Monday, February 18, 2008

Book Review (3rd of 2008)

We took a trip to Cincinnati last week and spent a couple days working on my in-law's new house. There's much to blog about, but I think for the next several posts I'll catch up on book reviews.
On Becoming Baby Wise: Giving Your Baby the Gift of Nighttime Sleep. By Dr. Gary Ezzo and Dr. Robert Bucknam.
This book is also available in a more Christian format, complete with videos. Check out Growing Kids God's Way by Gary Ezzo.

Several people recommended this book to us. Those who recommended it have had 9-month old babies who sleep 12 hours a night and are happy kids to be around. They all gave credit to (or swore by) this book's methods.
We've been around other babies who don't sleep through the night, and the parents are exhausted and miserable. I decided that I wanted to avoid that situation at all costs, thus I read this book.

Parenting methods are controversial, and spark arguments. The book gives some history of different methods, and how they settled on theirs (establishing a parent-controlled routine for the baby). The studies related that show sleep's correlation with IQ, ADD, and other conditions just drove home the point for me. I agree with the book, there are no "lucky" parents with "easy" babies, it's dependent on parents establishing certain routines early.

They grip you early with data:
Of 520 infants on the parent-directed feeding (PDF) method, at least 76.8% were sleeping through the night between 7 and 9 weeks. At least 95.7% were sleeping through the night at 12 weeks. (The book breaks it down by boys/girls, and breastfeeding/formula feeding, birth defects, other problems, etc).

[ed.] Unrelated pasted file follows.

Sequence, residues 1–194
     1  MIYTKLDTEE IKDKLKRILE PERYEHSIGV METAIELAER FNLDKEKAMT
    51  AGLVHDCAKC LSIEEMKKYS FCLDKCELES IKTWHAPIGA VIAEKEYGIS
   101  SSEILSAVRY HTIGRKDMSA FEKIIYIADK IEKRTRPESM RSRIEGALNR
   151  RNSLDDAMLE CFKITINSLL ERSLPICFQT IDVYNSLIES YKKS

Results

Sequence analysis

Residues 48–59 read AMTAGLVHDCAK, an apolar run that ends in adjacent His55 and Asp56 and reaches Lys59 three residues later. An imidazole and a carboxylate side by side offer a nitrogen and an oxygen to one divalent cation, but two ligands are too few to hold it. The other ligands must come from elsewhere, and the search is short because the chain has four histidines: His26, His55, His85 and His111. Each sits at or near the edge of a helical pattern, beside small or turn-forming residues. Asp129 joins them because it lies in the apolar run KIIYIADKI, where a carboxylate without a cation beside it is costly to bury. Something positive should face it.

They err by not giving data on parents who do not use the method. But, if something performs 97% of the time, I'm highly likely to try it.

80% of the babies on the PDF routine required no help in sleeping through the night, they did it on their own. The remaining 20% cried for 3-5 nights and then slept through.

It might also cost 3-5 nights of sleep while your child learns when to sleep, but it pays off in years of full nights sleep.

I give the book 3.5 stars out of 5. It's quite repetitive (so you can remember its methods) and if you don't have a kid, then it's not worth reading. But, if you're expecting, I consider it a MUST read. If you know someone with a kid who is a handful, you might pick them up a copy.


TulipGirl said...

It's one of those books that goes along with the "use flexibility and common sense" reminders. Both and are good for keeping "flexibility and common sense" in view with Babywise.

Jessica said...

As you know, I fall into the "swear by" category regarding this book. However, I agree with tulipgirl's comment regarding flexibility. I find having a schedule allows me the flexibility to adjust the schedule on occasion (something special at church, etc.) without major meltdowns.

When the need arises to adjust your schedule, this should be your mantra: Earlier is always better.

Here's an example, if the baby usually eats at 11:30, but you have a meeting from 11-12, you have the options of feeding the baby at 10:45 or at 12:05. 12:05 seems logical because it is nearest to your usual feeding time, but remember: earlier is always better. You never know when you might be delayed or when he's just starving. Go ahead and feed the baby at 10:45, even if he only takes a partial feeding. You can adjust the next couple of feedings to get him back on his schedule.

Earlier is always better.

Wes said...

I personally prefer the "benadryl method". one pink pill and they're out for a good 8 hours

JTapp said...

Scotch and brandy work well too. Puts hair on the baby's chest at the same time, a two-for-one bonus.

The book defines flexibility as something that has the ability to bend back into place after the meetings, holidays, etc. are over.